I don’t know how to say this without sounding rude but this movie is SO very British. Well, I have to admit that the British do the “life is hard & everyone is damaged in some way” movies best. At least it’s honest & much more realistic than Hollywood movies filled with the beautiful & the perfect but I’ve always turned to movies more for escapism from the realities of life & have to be in the mood for a drama before I watch one. Don’t get me wrong, though – I far prefer a movie like this, which is filled with rich characters & good performances, to some of the shallow crap that Hollywood churns out.

The quirky British comic relief in this film is provided by Rafe Spall’s character and I liked him a lot. He deals with his own serious issue through humor and his relationship with Butterfield’s character & Butterfield’s mother (Sally Hawkins) work really well in the film. I also really enjoyed the scenes showing the British team in China. Most of all, though, the story is about an autistic boy and the difficulties faced by those who love him (specifically, his mother in this movie – the mother/son relationship is the key to this film).

X+Y is a tad too formulaic & clichĂ©d at times but, ultimately, that doesn’t usually bother me too much as long as a movie is done well and has characters that I care about (I felt the same way about a great little obscure romance recently called In Your Eyes). This movie admittedly deserves a slightly higher rating than I’m giving it as movies with a little too much tragedy & drama aren’t really my thing but don’t be discouraged by my slight negativity if you think you’d like this. X+Y is a good film.

My Rating: 7/10

**You know I need to end this with Thin Lizzy’s Cowboy Song, as heard in The Kings Of Summer… 🙂

Short Term 12 (2013) Review

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Short Term 12 (2013)

Directed by Destin Daniel Cretton

Starring:
Brie Larson
John Gallagher, Jr.
Kaitlyn Dever
Rami Malek
Keith Stanfield
Kevin Hernandez
Melora Walters
Stephanie Beatriz
Lydia Du Veaux
Alex Calloway
Frantz Turner
Diana-Maria Riva

Running time: 96 minutes

Plot Synopsis: (via IMDB)
A 20-something supervising staff member of a residential treatment facility navigates the troubled waters of that world alongside her co-worker and longtime boyfriend.

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My Opinion:

I remember this movie had a lot of positive buzz when it was out & I’ve been meaning to watch it for a long time, especially after I then saw Brie Larson in a couple other movies & thought she was pretty fantastic. I thought she was the actual highlight of the somewhat mediocre 21 Jump Street & even of that weird Don Jon movie (which is pretty impressive as she only had one line). Oh, and she was good in The Spectacular Now (probably should have been the lead instead of Shailene Woodley).

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Well, Larson is great in Short Term 12. I’m surprised she hasn’t yet gotten the sort of attention that Jennifer Lawrence did for Winter’s Bone. I mean, I think she did get a bunch of awards for it but she’s still not as famous as Lawrence. Hopefully she’ll get the right sort of role that gets her more recognition. And this might sound weird but, hey – I’m a girl & I like seeing girls who look like regular people in movies for a change! She’s cute, obviously, but not some freakishly gorgeous supermodel.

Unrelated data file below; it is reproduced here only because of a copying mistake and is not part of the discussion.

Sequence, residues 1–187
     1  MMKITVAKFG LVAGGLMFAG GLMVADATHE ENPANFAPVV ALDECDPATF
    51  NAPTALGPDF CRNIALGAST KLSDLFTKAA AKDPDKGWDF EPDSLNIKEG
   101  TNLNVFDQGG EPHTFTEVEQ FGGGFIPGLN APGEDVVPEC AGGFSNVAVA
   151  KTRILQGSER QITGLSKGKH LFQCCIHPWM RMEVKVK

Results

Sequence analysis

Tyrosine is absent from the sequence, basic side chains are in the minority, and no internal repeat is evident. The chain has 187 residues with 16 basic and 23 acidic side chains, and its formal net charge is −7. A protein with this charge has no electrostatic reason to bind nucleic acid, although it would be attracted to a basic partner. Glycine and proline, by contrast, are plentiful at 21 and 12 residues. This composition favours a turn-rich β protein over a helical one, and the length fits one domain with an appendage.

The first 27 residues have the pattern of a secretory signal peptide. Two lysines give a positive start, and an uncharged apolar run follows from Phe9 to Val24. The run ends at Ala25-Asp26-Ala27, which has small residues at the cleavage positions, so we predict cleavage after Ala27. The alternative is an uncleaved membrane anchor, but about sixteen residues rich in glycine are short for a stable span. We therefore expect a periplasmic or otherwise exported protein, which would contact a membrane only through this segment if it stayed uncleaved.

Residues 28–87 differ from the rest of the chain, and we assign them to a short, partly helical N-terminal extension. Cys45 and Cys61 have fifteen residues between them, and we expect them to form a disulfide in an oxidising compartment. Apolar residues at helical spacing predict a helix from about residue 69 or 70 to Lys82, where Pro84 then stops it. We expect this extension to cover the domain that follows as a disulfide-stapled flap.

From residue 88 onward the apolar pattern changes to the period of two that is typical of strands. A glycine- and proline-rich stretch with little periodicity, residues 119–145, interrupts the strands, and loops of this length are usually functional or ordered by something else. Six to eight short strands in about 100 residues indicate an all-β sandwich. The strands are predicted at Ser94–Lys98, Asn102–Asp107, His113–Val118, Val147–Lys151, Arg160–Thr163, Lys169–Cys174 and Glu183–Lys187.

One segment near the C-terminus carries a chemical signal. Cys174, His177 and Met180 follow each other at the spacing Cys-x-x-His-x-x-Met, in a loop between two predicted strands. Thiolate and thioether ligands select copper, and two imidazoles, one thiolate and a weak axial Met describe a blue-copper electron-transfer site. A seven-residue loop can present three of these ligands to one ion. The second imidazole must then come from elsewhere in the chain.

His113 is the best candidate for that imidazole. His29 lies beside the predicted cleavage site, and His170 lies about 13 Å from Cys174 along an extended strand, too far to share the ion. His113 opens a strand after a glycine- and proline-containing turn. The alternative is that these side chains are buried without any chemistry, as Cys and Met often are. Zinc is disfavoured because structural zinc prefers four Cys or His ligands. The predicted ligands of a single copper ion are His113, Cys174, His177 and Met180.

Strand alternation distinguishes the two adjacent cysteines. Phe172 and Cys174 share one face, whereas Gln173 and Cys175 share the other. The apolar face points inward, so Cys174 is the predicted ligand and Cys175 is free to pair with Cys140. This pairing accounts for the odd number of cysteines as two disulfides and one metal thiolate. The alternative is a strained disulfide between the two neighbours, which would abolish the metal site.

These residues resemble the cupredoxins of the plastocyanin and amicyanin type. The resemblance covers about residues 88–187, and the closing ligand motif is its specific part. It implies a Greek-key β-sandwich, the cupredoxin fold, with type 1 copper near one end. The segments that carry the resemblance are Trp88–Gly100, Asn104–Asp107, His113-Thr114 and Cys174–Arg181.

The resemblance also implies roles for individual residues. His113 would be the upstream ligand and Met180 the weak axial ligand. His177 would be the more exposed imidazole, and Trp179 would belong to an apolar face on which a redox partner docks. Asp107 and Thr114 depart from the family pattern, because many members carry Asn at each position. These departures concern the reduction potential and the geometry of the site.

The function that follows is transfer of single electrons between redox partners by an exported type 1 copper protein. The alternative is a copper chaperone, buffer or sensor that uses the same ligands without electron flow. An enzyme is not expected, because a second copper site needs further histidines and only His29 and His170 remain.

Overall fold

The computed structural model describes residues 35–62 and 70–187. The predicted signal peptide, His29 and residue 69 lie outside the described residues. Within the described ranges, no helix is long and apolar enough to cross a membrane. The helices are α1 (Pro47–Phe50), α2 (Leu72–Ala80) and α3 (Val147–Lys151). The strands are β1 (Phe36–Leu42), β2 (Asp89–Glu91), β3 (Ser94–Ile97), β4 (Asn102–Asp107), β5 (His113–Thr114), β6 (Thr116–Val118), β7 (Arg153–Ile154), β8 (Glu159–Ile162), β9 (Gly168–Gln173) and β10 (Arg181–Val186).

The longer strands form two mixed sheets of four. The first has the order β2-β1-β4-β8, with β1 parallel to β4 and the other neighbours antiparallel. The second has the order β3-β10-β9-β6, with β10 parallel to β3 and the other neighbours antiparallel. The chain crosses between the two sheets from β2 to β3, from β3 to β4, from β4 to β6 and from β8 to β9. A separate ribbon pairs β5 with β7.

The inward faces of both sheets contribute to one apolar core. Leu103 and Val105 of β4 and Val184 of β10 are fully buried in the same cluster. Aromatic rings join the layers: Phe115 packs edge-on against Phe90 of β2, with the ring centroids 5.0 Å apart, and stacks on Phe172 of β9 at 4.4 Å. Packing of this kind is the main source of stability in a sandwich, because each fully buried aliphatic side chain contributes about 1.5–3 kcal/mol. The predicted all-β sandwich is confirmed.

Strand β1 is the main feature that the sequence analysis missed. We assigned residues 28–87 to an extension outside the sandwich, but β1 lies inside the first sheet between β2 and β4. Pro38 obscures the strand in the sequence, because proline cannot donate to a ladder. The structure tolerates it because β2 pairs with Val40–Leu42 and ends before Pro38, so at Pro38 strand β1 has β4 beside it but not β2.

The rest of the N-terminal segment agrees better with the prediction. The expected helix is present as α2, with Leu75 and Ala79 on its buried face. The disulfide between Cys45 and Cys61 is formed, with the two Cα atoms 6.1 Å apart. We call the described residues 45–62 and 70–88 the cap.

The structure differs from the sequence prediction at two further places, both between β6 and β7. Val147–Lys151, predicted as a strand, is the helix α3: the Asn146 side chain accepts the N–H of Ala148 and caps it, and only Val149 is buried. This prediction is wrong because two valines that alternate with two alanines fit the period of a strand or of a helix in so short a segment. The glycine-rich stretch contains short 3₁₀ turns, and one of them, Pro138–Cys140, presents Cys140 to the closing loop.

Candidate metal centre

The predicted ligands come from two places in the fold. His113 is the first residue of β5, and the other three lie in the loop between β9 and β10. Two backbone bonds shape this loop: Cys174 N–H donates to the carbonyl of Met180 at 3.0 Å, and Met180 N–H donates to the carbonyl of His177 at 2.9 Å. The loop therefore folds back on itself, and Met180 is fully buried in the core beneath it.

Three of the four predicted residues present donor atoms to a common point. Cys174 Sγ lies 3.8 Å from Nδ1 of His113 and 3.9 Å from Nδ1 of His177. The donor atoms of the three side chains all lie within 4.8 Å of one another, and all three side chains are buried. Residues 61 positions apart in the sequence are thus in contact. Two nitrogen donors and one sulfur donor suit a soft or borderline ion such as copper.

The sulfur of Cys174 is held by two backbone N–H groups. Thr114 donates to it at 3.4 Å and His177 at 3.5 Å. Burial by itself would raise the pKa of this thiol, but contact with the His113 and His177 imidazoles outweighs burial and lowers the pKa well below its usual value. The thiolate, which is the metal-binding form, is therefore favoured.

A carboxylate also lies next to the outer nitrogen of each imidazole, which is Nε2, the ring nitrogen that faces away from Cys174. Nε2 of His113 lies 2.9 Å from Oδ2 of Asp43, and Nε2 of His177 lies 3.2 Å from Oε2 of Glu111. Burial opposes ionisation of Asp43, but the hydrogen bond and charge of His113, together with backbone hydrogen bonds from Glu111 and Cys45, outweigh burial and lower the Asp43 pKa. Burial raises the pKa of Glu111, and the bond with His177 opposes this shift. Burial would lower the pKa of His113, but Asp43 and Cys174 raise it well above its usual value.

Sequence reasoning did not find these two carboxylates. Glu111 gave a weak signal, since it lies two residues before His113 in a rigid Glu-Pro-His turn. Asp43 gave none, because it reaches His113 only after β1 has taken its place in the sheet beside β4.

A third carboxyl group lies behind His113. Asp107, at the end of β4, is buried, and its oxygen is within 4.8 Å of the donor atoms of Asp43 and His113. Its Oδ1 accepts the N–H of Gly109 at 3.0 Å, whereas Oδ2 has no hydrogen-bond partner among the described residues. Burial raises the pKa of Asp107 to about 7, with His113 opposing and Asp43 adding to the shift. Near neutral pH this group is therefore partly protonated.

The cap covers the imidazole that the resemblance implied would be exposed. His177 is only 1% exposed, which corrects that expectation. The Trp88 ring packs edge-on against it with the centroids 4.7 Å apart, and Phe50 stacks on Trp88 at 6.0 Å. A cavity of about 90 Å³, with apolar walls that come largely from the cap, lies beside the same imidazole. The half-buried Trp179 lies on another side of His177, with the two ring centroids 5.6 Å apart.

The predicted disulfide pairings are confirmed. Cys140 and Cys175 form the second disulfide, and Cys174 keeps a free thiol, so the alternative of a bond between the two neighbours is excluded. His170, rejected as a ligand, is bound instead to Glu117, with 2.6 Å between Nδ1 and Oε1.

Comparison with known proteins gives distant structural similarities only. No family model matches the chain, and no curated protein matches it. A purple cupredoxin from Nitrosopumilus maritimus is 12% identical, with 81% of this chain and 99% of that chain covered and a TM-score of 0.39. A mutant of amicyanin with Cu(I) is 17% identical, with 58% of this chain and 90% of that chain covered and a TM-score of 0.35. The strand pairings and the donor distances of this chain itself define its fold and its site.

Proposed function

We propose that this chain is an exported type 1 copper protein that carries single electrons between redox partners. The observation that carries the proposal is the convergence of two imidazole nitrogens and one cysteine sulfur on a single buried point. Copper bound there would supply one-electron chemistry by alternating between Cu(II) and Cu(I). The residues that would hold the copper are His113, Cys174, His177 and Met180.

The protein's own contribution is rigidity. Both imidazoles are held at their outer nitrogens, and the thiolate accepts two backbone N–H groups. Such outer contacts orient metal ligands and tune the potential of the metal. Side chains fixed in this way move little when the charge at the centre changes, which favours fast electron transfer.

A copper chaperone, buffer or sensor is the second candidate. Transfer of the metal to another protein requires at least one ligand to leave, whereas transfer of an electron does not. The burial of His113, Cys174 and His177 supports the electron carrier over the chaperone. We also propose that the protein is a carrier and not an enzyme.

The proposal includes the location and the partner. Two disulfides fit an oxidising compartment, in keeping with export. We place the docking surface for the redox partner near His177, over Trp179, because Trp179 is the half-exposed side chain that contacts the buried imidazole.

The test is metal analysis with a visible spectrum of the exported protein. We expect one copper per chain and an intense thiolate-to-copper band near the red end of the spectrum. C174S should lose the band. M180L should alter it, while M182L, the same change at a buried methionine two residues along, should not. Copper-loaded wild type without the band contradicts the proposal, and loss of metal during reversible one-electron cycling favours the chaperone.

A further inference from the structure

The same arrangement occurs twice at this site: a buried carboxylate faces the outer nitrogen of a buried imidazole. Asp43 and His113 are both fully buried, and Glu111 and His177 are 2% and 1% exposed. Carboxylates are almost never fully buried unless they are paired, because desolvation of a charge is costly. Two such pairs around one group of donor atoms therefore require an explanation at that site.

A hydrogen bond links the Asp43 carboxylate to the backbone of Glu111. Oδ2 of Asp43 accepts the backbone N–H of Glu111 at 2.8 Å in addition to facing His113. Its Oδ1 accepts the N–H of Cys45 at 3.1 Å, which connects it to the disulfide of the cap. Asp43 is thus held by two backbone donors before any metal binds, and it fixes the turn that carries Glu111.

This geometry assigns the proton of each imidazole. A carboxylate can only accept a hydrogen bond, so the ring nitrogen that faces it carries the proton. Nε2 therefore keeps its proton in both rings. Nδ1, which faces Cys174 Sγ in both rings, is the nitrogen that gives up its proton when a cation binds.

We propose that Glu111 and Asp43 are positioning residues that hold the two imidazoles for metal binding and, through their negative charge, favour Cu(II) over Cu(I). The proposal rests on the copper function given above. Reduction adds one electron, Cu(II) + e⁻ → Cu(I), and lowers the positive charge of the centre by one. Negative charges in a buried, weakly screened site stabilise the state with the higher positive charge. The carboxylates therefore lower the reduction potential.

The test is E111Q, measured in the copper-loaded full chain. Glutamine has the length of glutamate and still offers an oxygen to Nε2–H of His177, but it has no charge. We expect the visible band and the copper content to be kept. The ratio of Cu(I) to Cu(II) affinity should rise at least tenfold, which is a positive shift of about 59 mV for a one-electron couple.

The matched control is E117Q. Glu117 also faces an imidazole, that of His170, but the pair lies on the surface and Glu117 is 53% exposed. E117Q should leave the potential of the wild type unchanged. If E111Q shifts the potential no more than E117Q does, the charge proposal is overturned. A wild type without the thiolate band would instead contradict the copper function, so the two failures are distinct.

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In Short Term 12, Larson plays a 20-something who works with a group of other young adults in a home for troubled teens. It’s a fairly heavy film but the characters are pretty well developed and you really do care about what will happen to each of them. You get to know several of the teens at the home but they mainly focus on the stories of two of them while we slowly learn more about Larson’s character’s background & how it affects her job and her life with her boyfriend, who also works at the group home. Her boyfriend is sweet & funny and they have what appears to be a great relationship. I’ve always said that I find it very hard to like a movie if I hate all the characters and Short Term 12 is the exact opposite of this. Even those who are in the home and are getting in fights, swearing & spitting at staff, etc, all have their reasons & just need people to be there for them. I liked everyone in this and hoped for a happy resolution for all of them. It’s not all “sad drama”, though – the boyfriend has a nice sense of humor & there are some heartwarming scenes. I was asked what other movies this is like and I couldn’t really think of one. Maybe something like Stand And Deliver and, hell, maybe even Dangerous Minds? But more “indie” and with a younger feel to it than those as everyone is in their early-20s or their teens in Short Term 12. I do think, if I’d seen this as a teenager, I’d have loved it & watched it over & over like I did with Stand By Me every day after school when I was 13.

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Summary:

Great performances & characters make Short Term 12 a fulfilling movie experience. It’s a bit heavy & a little sad but manages to be uplifting as well and gives us characters we care about. It doesn’t feel contrived & the people in it feel “real”. The director wrote this after working in a similar home just like Larson’s character, which is probably why the movie feels so genuine. Yeah, I thought this one was pretty good.

My Rating: 8/10